It is finally Friday and it’s my first time at WIT Friday Links.


Luckily for you, today’s links have been curated by none other than last Wednesday’s very special guest, Angela Saini, Science journalist & author:


If you didn’t manage to join the ‘Racism in Science and Society - Angela Saini in conversation’ event, you have until Monday 29 June (5pm CEST) to watch it:    


Over to you now Angela!

In a passionate blogpost written in 2011 Flavia Dzodan expressed why her feminism would be intersectional. It's worth reading this powerful message once again in the midst of global Black Lives Matter protests


For a great rundown of what intersectionality means, hear from the brilliant Kimberlé Crenshaw:


One of the problems of 'white feminism' in the past and today has been a habit of essentialising femininity, and placing boundaries around what it means to be a woman. In the fight for women's rights and gender justice, it takes care to not fall into the trap of failing to acknowledge that all women are different. There is no such thing as a 'typical female'. I highly recommend this article by Heather Shattuck-Heidorn and Sarah S. Richardson, which explores the reasons why a focus on sex differences between men and women isn't always wise:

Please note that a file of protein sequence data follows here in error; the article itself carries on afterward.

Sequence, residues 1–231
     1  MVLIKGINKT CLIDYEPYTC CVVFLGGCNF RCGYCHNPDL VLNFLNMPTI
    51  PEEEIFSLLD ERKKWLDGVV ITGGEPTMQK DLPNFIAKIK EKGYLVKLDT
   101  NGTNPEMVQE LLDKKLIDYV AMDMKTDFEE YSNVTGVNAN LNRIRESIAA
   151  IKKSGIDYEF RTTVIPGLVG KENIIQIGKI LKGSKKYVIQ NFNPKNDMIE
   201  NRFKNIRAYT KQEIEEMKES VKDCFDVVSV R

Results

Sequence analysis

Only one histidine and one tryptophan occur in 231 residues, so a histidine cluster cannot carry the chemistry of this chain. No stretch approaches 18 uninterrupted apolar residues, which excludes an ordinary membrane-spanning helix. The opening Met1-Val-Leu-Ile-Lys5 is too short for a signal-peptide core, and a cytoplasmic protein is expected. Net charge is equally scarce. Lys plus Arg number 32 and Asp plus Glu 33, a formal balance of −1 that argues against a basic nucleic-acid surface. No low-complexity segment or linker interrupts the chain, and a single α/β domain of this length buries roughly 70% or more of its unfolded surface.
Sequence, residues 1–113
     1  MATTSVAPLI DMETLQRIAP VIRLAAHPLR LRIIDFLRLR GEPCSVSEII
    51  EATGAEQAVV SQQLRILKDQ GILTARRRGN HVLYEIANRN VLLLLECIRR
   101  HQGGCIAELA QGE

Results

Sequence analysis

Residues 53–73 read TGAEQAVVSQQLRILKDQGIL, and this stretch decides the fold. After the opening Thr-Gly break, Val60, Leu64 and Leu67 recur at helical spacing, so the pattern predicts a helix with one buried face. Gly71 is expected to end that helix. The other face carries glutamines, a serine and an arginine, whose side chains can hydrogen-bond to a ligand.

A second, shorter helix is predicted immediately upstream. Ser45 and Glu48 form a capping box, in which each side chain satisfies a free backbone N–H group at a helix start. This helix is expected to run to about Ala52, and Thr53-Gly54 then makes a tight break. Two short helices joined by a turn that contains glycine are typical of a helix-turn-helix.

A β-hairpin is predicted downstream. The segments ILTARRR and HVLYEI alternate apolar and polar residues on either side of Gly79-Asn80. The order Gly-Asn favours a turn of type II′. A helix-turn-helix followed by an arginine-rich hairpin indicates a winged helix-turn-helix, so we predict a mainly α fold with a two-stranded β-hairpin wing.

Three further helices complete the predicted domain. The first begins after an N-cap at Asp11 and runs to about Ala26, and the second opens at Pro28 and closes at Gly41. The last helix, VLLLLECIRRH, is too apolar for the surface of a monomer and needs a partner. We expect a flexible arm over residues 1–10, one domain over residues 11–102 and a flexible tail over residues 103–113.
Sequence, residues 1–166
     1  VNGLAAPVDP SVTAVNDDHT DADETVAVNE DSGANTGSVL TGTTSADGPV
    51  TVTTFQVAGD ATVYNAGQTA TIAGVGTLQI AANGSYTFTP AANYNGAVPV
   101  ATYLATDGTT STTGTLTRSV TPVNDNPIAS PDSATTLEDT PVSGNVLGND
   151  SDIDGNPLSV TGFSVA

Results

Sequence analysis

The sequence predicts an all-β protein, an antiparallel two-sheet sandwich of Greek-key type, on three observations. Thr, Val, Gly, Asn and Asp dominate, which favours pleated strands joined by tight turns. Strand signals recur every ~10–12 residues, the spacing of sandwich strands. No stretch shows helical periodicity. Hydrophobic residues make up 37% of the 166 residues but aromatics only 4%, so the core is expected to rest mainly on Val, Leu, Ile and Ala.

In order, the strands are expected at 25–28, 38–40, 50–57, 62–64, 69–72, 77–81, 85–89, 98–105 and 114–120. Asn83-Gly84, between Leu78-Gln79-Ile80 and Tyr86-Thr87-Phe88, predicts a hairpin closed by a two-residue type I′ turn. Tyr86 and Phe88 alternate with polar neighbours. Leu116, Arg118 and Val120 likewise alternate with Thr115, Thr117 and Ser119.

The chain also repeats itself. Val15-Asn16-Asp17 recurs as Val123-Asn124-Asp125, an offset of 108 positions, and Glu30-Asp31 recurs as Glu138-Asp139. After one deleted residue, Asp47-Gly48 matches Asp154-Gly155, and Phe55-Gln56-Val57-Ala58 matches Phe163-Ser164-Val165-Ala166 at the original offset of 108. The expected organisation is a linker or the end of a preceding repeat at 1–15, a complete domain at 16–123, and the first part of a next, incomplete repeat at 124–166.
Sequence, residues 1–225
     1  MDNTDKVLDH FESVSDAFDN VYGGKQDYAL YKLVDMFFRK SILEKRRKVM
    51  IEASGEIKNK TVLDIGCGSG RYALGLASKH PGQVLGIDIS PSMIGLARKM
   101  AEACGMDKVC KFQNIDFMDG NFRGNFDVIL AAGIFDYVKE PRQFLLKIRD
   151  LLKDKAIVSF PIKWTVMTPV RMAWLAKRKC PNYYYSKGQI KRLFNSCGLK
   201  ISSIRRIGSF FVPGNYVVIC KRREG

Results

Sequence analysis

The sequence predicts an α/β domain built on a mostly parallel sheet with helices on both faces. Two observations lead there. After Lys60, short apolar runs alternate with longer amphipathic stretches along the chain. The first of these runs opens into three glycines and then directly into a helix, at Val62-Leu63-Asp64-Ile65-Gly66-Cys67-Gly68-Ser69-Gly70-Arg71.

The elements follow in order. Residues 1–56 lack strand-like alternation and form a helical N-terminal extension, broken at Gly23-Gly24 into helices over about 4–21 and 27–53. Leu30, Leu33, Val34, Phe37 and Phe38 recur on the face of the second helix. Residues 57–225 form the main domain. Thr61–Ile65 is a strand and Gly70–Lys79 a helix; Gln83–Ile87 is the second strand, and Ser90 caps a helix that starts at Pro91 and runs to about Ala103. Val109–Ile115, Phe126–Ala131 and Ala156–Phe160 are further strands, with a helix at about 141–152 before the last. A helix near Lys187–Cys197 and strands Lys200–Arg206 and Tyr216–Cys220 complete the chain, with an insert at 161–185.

More from them here:

And here:


Here, Sarah Richardson and her colleagues explain why genome studies must take account of history:


To understand how sex and gender work, I know of no better scholar than Anne Fausto-Sterling. Her classic book Sexing the Body is being re-released in an updated edition this year. I feel it should be required feminist reading:


Other great recent books on the dangers of gender essentialism:


Early Western science framed men as rational creatures and women as being closer to nature and more emotional. Today, the globally influential rationalist and skeptic movements have become a hotbed for toxic sexism and racism rooted in these outdated beliefs. At 7pm on 2nd July writer and skeptic Kavin Senapathy is giving a free online talk about her experiences of combating racism and sexism in the US skeptic movement. It is unmissable:


More resources exploring intersectionality and prejudice in feminism movements:


Have a great weekend,
Best wishes
on behalf of WIT steering committee


About the Women in Technology (WIT) Community: The aim of this community is to provide an environment in which women are not in the minority when interacting with technology. Our objectives are: to encourage women to play the role of expert; to provide a supportive learning environment; and to build a network between the Women in Technology here at CERN. WIT welcomes members from all genders and all technical fields. Visit

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